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I submitted one of my research paper in a fake conference by mistake. Now I want to withdraw my paper from it, But I am facing problem in withdrawal as no email id is given on that website. The problem is that now my paper has been accepted by another conference. But according to Turnitin, my abstract is already published somewhere else. Does anyone here know how and where to report such fake conferences?

1 Answer 1

There is no legal or ethical reason not to submit the same paper to multiple conferences, provided you did not agree not to do so when you submitted the paper. However, apparently in some fields there may be unspoken, unwritten (and to my mind unjustifiable) expectations that you will not submit your paper to multiple venues. Hence, if you're in such a field, you should follow the herd, because they will punish you for not doing so.

However, in other disciplines (especially in the humanities) where conference proceedings are not normally published, the expectation is that a paper is presented at a conference in order to solicit feedback in order to make the final, published version of work as good as it can be. And in such fields, obviously, nobody would hold it against you trying to present the paper in as many different venues as possible, in order to get as much feedback as possible.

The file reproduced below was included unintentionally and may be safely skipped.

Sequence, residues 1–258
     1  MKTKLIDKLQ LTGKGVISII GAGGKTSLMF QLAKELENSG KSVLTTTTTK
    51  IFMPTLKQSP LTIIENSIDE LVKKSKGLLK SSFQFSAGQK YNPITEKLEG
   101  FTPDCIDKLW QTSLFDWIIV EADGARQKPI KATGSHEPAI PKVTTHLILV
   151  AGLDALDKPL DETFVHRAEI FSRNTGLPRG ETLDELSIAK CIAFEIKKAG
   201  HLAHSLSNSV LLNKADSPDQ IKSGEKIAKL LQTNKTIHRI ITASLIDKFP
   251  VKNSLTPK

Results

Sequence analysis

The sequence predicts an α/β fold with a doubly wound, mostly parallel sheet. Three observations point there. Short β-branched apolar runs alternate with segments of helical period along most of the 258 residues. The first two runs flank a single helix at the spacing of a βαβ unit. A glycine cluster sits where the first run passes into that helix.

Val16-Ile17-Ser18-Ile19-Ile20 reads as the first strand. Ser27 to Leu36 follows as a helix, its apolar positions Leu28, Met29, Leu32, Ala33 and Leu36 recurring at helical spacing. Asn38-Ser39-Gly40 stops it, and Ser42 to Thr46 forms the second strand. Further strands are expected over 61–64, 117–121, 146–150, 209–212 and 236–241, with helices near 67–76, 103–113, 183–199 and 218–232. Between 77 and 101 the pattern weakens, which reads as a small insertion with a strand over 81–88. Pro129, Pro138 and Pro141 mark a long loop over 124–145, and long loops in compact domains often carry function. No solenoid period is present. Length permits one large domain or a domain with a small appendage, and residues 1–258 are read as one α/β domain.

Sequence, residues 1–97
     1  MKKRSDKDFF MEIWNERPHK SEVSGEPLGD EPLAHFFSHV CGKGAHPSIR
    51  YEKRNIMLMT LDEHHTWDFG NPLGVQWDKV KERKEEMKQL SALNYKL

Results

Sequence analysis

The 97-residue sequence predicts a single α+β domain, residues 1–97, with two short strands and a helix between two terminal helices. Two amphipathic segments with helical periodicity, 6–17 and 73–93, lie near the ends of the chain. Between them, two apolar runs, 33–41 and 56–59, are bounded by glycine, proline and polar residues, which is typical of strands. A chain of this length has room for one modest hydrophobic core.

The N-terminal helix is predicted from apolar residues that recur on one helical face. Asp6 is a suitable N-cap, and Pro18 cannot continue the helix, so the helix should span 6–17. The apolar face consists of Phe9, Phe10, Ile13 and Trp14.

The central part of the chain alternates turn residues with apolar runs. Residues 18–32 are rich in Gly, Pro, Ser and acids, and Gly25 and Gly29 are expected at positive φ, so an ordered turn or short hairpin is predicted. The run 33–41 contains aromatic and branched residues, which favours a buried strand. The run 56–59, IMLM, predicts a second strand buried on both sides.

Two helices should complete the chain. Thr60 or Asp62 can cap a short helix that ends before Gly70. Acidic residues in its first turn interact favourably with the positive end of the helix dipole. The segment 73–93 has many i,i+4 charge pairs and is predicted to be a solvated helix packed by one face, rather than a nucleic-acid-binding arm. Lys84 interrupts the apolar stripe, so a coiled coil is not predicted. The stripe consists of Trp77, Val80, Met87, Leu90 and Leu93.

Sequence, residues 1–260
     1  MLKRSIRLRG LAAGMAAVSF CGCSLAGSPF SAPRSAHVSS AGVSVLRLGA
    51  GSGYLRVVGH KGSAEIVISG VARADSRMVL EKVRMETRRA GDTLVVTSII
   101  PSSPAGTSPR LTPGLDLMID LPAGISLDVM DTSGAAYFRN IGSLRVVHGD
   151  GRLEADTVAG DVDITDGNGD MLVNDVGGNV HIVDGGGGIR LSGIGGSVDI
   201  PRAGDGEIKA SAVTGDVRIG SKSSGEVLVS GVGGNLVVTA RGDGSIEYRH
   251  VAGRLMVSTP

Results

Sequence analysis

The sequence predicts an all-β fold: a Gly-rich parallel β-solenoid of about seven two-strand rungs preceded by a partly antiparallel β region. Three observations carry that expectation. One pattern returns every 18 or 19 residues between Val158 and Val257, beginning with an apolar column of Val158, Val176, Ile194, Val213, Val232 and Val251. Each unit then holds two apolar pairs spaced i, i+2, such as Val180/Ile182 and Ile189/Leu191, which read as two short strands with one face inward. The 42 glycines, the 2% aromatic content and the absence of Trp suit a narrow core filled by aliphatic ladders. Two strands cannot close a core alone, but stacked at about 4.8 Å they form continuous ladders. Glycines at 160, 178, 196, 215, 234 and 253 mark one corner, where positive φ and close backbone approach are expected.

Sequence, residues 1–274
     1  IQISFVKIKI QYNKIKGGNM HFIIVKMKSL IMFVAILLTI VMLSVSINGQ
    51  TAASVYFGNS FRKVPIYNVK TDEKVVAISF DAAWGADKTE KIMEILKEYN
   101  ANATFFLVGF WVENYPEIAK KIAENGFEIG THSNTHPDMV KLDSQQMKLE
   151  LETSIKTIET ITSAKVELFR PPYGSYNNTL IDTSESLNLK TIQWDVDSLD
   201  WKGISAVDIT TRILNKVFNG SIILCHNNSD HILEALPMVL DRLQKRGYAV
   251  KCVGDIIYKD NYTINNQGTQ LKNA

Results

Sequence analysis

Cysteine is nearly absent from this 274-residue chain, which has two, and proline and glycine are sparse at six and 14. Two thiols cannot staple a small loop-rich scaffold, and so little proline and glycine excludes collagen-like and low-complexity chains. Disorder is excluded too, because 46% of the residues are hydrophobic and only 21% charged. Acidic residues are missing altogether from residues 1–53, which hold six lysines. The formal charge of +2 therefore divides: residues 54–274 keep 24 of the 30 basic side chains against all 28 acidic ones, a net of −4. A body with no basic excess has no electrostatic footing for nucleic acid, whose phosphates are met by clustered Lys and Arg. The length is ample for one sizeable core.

My view is that if the scam conference wishes to publish your paper in its proceedings, but did not announce this to you when you submitted, then you have no obligation to sign a copyright transfer agreement allowing them to publish it and I think you can safely tell the other conference that you've withdrawn your paper from the scam conference. Of course, if you're in a field that penalizes people for this sort of behavior, it would be imprudent of you to do so, even if there is no general obligation not to.

On the other hand, if you did sign such an agreement with the fake conference, then you are just going to have to accept that they own the copyright to your paper, will publish it, and accept this situation as a valuable lesson on knowing your venue.

Speaking more directly to your current circumstance, where you might have violated an unspoken norm (or might not have, depending on field). If the good conference asked you to certify, when you submitted, that the work wasn't under consideration elsewhere, then I think your best bet is to write immediately to whoever is in charge of the good conference and explain the situation in detail. Unfortunately there is a proliferation of scam journals and fake conferences these days, so it may be that the organizer of the good conference is sympathetic to your position. Don't expect a positive response, exactly, but the sooner you let the relevant people know the situation and ask their advise, the better the outcome is likely to be.